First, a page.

Please use this identifier to cite or link to this item: http://hdl.handle.net/2122/3243
AuthorsWiersberg, T. 
Somma, R. 
Rocco, A. 
De Rosa, M. 
Zimmer, M. 
Quattrocchi, F. 
De Natale, G. 
De Natale, P. 
TitleContinuous in-situ measurements of gases (H2, H2S, CH4, N2, O2, He and CO2) at the fumarole “Soffionissimo” (Solfatara volcano, Southern Italy).
Issue DateApr-2007
URIhttp://hdl.handle.net/2122/3243
KeywordsPhlagrean Fields, Pozzuoli Soffionissimo fumarole
Continuous Mass specrometry monitoring
Subject Classification04. Solid Earth::04.05. Geomagnetism::04.05.08. Instruments and techniques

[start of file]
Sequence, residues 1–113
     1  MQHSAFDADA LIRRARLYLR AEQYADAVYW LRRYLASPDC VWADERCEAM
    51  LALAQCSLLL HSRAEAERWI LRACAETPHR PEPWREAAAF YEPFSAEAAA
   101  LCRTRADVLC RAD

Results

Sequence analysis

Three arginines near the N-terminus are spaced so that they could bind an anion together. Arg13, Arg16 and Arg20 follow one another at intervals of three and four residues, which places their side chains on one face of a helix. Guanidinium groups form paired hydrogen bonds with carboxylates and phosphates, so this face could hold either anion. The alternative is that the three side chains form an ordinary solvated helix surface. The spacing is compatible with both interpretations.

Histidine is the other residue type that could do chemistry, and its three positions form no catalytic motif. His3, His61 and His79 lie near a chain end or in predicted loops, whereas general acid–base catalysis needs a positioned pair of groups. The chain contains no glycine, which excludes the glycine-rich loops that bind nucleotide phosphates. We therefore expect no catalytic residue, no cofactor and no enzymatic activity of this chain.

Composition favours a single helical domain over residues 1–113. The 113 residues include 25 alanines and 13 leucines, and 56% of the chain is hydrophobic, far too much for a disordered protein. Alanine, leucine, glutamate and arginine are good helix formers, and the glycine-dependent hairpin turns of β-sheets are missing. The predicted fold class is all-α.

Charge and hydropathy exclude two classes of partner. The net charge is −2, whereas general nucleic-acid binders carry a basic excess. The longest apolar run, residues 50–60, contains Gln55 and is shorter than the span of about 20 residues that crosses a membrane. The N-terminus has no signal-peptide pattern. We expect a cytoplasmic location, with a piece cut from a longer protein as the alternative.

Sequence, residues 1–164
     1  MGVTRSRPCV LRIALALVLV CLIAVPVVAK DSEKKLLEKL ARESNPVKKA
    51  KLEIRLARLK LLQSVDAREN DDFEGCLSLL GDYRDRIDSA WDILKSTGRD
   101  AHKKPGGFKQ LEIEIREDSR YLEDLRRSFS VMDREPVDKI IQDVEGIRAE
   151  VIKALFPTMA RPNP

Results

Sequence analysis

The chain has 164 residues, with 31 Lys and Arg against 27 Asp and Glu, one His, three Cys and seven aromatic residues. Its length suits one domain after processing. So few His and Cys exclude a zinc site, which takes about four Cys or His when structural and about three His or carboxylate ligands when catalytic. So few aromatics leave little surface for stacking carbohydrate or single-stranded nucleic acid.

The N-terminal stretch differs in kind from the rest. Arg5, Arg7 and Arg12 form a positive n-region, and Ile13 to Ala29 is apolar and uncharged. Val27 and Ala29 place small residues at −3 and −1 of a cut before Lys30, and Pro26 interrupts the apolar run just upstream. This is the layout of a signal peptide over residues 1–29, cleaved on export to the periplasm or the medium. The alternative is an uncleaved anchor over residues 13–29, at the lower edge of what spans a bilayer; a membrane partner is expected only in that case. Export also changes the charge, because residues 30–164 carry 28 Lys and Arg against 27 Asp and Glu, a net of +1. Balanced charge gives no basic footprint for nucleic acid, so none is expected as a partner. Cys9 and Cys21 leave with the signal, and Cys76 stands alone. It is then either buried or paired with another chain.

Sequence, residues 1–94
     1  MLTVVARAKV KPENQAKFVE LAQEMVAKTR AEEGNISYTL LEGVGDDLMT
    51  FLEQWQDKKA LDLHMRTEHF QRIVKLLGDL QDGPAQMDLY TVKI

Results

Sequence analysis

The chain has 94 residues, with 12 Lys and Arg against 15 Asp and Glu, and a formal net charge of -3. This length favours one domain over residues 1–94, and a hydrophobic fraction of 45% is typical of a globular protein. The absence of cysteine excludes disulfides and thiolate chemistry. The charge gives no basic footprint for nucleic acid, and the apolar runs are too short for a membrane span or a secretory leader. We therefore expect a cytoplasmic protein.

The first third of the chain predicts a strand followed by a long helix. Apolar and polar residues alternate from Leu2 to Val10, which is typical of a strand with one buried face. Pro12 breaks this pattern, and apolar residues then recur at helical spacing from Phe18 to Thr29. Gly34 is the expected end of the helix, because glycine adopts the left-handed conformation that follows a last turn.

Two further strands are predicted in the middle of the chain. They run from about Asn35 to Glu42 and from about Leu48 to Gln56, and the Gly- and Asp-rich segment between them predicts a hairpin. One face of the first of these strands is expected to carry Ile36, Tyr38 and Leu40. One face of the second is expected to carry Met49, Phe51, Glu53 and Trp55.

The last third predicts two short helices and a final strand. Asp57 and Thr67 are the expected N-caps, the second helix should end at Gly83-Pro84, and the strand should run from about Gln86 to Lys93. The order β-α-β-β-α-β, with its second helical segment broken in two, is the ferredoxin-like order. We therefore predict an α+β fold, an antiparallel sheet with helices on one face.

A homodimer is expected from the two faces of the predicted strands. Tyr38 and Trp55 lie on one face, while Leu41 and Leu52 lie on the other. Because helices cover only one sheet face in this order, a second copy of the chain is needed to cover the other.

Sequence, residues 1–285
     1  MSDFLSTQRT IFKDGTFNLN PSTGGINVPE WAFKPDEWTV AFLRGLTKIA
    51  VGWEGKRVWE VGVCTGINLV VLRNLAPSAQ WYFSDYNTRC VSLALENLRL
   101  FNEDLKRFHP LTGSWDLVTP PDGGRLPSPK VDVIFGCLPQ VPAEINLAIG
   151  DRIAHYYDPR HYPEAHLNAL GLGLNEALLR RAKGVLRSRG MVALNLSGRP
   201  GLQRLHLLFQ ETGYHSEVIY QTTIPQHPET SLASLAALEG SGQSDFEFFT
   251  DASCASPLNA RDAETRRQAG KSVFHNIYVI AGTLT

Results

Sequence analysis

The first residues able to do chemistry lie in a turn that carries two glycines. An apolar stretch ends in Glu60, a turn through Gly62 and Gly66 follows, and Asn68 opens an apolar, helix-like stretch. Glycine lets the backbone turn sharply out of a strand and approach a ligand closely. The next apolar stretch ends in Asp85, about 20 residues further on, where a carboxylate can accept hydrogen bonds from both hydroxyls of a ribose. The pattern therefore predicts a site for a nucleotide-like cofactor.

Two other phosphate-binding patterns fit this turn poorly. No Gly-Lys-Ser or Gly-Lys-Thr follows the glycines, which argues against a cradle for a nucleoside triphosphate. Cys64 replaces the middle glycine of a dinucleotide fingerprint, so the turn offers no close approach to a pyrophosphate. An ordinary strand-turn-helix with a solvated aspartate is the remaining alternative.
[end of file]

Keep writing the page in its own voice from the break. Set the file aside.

AbstractTemperature measurements and gas extraction were done at the fumarole very close to the “Bocca Grande”. The temperature measurements were performed with a temperature probe (K-type thermocouple), which was let about 30 cm into the fumarole. For better comparison of temperature and gas data, the gas tube was directly connected with the temperature probe, to make sure that temperature measurement and gas extraction were carried out at the same place. After having adjusted a continuous gas flow with diaphragm pump and a needle valve, the gas was piped through a 10 m Teflon© tube for more than 40 hours. The gas phase primary consists of water gas, which was condensed in a trap, installed in a refrigerator. The amount of water in the trap was determined in regular intervals (every 3-4 hours). At the beginning of the monitoring experiment, the Teflon© tube was heated in order to avoid condensation of the water in the tube before getting trapped. Although the tube was not heated for the whole time of the experiment, it turns out that the amount of water, condensed in the water trap per hour, does not significantly change when the tube was not heated. Hence, the amount of water, condensing in the tube before getting trapped, seems negligible. The remaining, almost water-free gas phase was finally dried over Fe in a filter, and then continuously analysed with a quadrupole mass spectrometer (Balzers Omnistar) for the following components: H2, H2S, CH4, N2, O2, Ar, He, and CO2. To make sure that the final drying process does not influence the gas composition in particular for H2 and H2S, a comparison measurement was done without the filter, which only revealed somewhat higher water content. During the second half of the monitoring, additionally a laser-optical CO2 sensor was installed (not shown in the sketch). Gas samples were taken from the gas line for laboratory gas-chromatographic analysis.
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